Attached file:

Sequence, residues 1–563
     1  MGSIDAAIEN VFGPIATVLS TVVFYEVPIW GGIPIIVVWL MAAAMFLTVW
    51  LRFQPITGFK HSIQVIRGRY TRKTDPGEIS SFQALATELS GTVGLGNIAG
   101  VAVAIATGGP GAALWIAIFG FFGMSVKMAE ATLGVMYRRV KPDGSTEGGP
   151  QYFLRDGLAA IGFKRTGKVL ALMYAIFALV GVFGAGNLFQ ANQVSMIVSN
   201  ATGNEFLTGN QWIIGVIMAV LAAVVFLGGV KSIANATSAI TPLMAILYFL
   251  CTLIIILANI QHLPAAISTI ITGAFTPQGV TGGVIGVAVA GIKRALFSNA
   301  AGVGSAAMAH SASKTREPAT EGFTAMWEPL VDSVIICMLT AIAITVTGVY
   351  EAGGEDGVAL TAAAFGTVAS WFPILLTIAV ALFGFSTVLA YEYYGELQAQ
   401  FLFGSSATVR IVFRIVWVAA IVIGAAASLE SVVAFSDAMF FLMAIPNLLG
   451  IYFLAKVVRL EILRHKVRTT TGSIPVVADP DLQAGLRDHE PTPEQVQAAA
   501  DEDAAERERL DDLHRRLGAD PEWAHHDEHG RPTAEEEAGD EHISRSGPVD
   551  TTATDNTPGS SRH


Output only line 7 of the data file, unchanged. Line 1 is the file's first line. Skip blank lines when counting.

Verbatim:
   251  CTLIIILANI QHLPAAISTI ITGAFTPQGV TGGVIGVAVA GIKRALFSNA